Eleven palm-sized, leathery eggs ranged in color from rich, earthen brown to weak tea. The darker eggs were not fertile; the lighter eggs contained a developing rock iguana, folded tight as origami inside. Representing the future of their species, the eggs in the toasty warm incubator were being carefully supervised at the San Diego Zoo Institute for Conservation Research. For the critically endangered Jamaican iguana, this clutch from two different adult iguana pairs is a significant boost to the assurance population in North America. The off-exhibit Kenneth and Anne Griffin Reptile Conservation Center is meticulously managed by conservation program specialist Jeff Lemm, who oversees the breeding and care of several endangered reptile species. Jamaican iguanas are of the highest priority for rock iguana conservation; currently there are 75 Jamaican iguanas in 10 North American institutions, and 11 of those rare reptiles reside at the Reptile Conservation Center.
The incubation period for Jamaican iguanas is about 100 days. An observable indent appears in the egg right before hatching as the youngster absorbs the fluid inside. Using a temporary egg tooth, the gray, striped creature forces its way to freedom. Soon, “its nose pokes out, and it takes its first breath, which is followed by the ‘sleeping bag phase’ where it rests with its head out of the shell for a day or two. But some iguanas just burst out,” Jeff said. For the first week, the baby iguana absorbs the yolk, which is a useful energy store after the laborious effort of hatching. Happily, the 2017 breeding season resulted in one egg from the first clutch hatching on September 4, followed by three eggs from the second clutch hatching on October 6, 7, and 11. The iguanas are housed separately, as “they will scrap with each other,” but they can see each other through a “howdy door” and screen, which serves as a form of soft socialization minus the aggression. The growing young use hibiscus trees for food and shelter in their enclosure. During its 70-year life span, a healthy male Jamaican iguana can reach 3 feet in length and weigh about 15 pounds. Females are a bit smaller. Breeding season is in May and June, and come July, a female seeks out a nesting site where she digs a deep burrow to safely stow her eggs, tamps down the soil, and stands guard for a couple of weeks. After oviposition, she can lose half of her body weight.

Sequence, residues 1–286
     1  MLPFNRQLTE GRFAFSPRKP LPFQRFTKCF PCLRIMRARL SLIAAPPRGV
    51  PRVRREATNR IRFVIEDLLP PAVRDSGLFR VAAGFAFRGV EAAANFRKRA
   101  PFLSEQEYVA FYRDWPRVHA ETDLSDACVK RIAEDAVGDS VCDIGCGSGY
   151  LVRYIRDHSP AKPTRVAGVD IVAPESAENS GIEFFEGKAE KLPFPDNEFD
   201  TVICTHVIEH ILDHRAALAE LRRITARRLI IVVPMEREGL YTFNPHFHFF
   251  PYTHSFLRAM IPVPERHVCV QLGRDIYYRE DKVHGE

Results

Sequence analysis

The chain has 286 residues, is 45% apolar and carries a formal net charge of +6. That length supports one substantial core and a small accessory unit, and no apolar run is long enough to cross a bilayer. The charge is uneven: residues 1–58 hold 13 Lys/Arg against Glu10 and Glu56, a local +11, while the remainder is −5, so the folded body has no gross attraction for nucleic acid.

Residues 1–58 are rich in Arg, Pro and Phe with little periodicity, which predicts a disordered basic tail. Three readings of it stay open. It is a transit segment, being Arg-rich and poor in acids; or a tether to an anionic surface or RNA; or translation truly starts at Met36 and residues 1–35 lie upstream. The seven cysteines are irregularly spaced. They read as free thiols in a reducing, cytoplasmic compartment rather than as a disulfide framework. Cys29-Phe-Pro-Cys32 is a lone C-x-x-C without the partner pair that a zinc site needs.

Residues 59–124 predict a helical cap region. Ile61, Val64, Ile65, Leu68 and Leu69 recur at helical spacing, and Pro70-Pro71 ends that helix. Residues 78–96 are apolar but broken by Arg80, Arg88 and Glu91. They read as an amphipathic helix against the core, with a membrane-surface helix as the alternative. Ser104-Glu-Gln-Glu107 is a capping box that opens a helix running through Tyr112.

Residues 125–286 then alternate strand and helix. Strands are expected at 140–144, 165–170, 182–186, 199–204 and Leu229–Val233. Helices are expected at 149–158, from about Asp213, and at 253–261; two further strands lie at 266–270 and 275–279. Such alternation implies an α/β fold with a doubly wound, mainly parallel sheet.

The latest little scaled wonders were a long time coming. “We have worked with this species since 1996, when we got our first hatchlings from the Hope Zoo in Kingston, Jamaica,” said Jeff. The original animals were very difficult to breed, and none of the zoos in the program had any success. In 2006, the Indianapolis Zoo was the first to produce viable eggs of this species. Four of those offspring came to the Institute for Conservation Research, where Jeff devoted much attention and ingenuity to their care—they are the parents of the latest Jamaican iguana hatchlings. “Females gravid [pregnant] for the first time can have infertile eggs or produce smaller clutches,” explained Jeff. Jamaican iguanas grow continuously throughout their life, and the larger she is, the better she is at nesting and producing viable eggs. A fully grown female iguana may lay up to 15 eggs per clutch, while a young, smaller female will lay 2 to 4 eggs. “We provide them the best nest material—deep soil and options for heat and moisture—that we can here at the Griffin Center,” said Jeff. “If we fail them, they can’t nest properly.”